During his pre-op visit, Oscar exhibited signs of elimination shyness, and would not give a urine sample.  So, at on the morning before the surgery, there I stood, plastic cup in my left hand, a Mag-Lite in my right hand, sporting pink sock monkey pajamas and squinting.  Without going into any further detail, let’s just say we were successful.  I went inside, washed my hands thoroughly, and waited for the vet’s office to open so that I could deliver the “goods” and the canine producer of the “goods” for surgery. Thankfully, the procedure was also successful and after a night of post-op monitoring due to his maturation, New Oscar came home with much nicer breath. After such an ordeal, certainly, he now merited a name that he recognized, AND one that could keep my nine-year-old tear-free.  

I called a family meeting to try and reach consensus on the Formerly Unnamed Dog’s moniker.  Despite the DNA results for which I had paid handsomely, the four of us agreed to memorialize both Basset Hounds, by re-naming the Formerly Unnamed Dog, “MO,” short for Madison/Oscar.  Granted, Moe was now known to his medical provider as “Oscar,” but I was too exhausted to explain that they would need to virtually eliminate New Oscar and revive the Hound Formerly Known as Madison.  I just let that one go.  Besides, Moe now had a cabinet full of prescription meds, all in the name of “Oscar Boles.”  So, he is now known casually as Moe Moe, or more formally, as Oscar “Moe Moe” Boles.   

He can be an ungrateful Basset-ard, bullying Stafford, our English Bulldog, at every opportunity.  Moe Moe howls when Stafford approaches his food bowl, steals ANY toy Staffy or Milli chooses for play, and growls when Staffords’ normal movements threaten to rouse him from his marathon siestas, which generally last between 10 and 12 hours.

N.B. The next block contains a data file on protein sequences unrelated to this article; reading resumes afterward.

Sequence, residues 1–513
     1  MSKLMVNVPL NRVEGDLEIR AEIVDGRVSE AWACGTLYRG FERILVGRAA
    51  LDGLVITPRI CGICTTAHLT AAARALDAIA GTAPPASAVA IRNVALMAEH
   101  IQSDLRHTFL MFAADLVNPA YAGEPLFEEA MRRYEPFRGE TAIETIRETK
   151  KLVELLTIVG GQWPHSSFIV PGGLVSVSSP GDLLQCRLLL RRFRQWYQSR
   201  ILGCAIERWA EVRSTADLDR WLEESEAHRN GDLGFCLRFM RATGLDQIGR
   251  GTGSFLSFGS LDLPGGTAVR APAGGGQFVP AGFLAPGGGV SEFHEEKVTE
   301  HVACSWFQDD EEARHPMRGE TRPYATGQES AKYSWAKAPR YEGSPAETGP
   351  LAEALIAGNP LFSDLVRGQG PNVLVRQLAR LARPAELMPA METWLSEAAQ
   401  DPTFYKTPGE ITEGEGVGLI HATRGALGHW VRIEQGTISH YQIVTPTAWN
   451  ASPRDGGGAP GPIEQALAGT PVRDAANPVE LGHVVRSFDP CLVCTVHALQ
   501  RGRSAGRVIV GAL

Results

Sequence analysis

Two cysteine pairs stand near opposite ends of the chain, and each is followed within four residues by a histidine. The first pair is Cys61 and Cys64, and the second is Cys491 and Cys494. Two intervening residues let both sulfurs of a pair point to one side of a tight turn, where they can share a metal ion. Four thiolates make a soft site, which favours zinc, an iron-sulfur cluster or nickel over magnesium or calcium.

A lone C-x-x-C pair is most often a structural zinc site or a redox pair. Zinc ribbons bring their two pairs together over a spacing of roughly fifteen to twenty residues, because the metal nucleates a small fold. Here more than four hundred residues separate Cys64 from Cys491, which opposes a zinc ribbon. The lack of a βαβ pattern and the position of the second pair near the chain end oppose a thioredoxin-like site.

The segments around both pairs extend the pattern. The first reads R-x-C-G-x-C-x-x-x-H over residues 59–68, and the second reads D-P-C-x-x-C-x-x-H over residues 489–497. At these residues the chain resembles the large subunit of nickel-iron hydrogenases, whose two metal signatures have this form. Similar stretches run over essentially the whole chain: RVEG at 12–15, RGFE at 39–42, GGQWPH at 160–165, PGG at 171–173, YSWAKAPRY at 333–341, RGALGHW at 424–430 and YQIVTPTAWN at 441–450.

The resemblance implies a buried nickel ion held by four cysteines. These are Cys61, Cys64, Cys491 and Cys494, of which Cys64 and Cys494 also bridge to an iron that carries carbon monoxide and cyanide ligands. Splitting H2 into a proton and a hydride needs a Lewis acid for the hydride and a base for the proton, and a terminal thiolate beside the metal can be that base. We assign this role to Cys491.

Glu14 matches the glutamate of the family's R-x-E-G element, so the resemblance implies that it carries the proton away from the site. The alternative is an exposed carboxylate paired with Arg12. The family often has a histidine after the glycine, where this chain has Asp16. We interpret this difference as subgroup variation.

His bladder continues to be sensitive; so on those rare occasions when he engages in physical activity, he dribbles, like a urinary GPS tracking his every move.  He has to have daily eye drops because his body is so old that his tear production has ground to a halt and  he sometimes wanders aimlessly during the night; toenails clicking on the tile, in some kind of doggie sun downers haze. 

As if that weren’t enough torment, his fur is thinning and his hair permeates the air.  Some days, walking into my house is like traveling to the Texas panhandle during the 1930’s and experiencing the Black Blizzard.  On the table in the foyer we now keep bandannas, respirators and masks designed to filter out small particulates.  (These devices also come in handy with Stafford’s frequent, noxious flatulence; apparently a result of the short digestive track the English Bulldog breed is privy.)

I must admit, however, that I am in love with Oscar Moe Moe, despite his expensive upkeep, bad disposition, and slug-like secretions. Like a rock star and her canis familiaris stalker (if the stalker had incontinence issues), Moe greets me with all the vigor his senior body can muster when I come through the front door.  He follows me from room to room, laying at my feet until I move to another room.  He lays on the bedroom rug when I sleep, the bathroom rug when I shower, and the kitchen rug when I cook…okay, so he never lays on the kitchen rug…but if I did cook, he would be there.  In those aged, red, and irritated eyes, I see unconditional love, the vastness of which certainly can’t be encompassed by just one name.

*Lord Stafford Hall Grant and Milli Vanilli Hughes Boles deserve their own blogs, which I am sure will be forthcoming.